It looks as if the powers that be in India have achieved what the colonial rulers failed to do. The British rulers tried to kill the spirit of Bhagat Singh and his comrades and failed. They only killed them. We have killed the memory of this heroic bunch of men.
This year is the 75th anniversary of the martyrdom of Bhagat Singh and his comrades. It has passed almost unnoticed. No official functions to mark the occasion. No commemorative postage stamp, no portrait or statue to honour them and remember with gratitude the ‘supreme sacrifice’ of a band of young men committed to the cause of freedom.
Another occasion is close at hand and plans don’t seem to be afoot to celebrate that either. Next year is the 150th anniversary of the First War of Indian Independence. We were taught about it in the terms in which the British colonial historians referred to it – the Sepoy Mutiny. (sipaayi dange in Kannada, the language in which I had my school education). The name itself tried to trivialise the great uprising that resulted from a spontaneous upsurge of nationalist and anti colonial feelings. Since it had its origins in the colonial army, it was easy for them to refer to it as a mutiny, a mere a matter of discipline and quell it.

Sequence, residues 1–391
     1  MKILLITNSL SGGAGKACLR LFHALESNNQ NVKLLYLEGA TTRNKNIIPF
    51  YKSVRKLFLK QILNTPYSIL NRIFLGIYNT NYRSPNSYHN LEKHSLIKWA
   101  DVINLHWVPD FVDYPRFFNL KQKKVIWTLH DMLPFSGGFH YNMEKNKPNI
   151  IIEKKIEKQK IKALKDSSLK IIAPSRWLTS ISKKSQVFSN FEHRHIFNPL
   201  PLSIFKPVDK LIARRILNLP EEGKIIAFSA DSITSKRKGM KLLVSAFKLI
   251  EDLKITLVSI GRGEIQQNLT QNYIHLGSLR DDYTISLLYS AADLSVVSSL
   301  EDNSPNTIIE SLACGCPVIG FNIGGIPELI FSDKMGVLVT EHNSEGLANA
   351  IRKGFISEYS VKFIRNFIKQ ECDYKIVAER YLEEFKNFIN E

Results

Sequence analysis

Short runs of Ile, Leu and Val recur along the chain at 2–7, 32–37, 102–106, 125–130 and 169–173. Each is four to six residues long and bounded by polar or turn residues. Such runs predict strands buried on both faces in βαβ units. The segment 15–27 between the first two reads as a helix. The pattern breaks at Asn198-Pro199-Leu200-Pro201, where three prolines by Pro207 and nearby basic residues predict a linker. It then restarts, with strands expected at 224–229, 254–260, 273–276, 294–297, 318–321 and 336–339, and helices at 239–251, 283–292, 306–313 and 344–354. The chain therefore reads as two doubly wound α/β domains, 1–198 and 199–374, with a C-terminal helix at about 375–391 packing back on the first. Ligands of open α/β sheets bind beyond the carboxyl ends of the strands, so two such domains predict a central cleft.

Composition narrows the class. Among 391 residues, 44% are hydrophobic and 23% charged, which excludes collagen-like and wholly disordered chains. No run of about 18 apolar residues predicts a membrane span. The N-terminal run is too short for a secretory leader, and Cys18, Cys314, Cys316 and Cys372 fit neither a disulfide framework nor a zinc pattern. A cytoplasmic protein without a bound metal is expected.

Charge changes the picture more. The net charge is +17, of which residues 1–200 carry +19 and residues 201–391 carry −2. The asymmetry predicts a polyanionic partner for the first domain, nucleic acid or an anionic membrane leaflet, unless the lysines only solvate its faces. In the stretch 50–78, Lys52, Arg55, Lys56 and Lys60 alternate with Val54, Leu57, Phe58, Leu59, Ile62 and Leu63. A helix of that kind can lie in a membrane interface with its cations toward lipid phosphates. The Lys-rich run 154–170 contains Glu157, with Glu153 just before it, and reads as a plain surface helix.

Wonder why this neglect of these historic occasions and their anniversaries? Is the revolutionary spirit passé? Is the idea of people thinking and who might be inspired by these events and stand up to authority too subversive for the people who hold power and who they hold it for?
This neglect and relegation of these heroes and the heroic events sound all the more intriguing since not too long ago the self styled nationalist forces tried to usurp the legacy of Bhagat Singh and hijack his memory by highlighting his nationalism and down playing his revolutionary and humanist ideology. They tried to portray him as a hot-blooded nationalist, long on action and short on ideology, and use his memory for their own designs. But then, there were people who revered the memory of this heroic young man and samples of his writings surfaced which made his sympathy for the working classes and the fact that his ideology was based solidly on these sympathies became crystal clear. Thus the kidnap attempt failed!
I have to give credit where it is due. These thoughts were triggered when I heard of a recent talk given on this subject and a gist of it.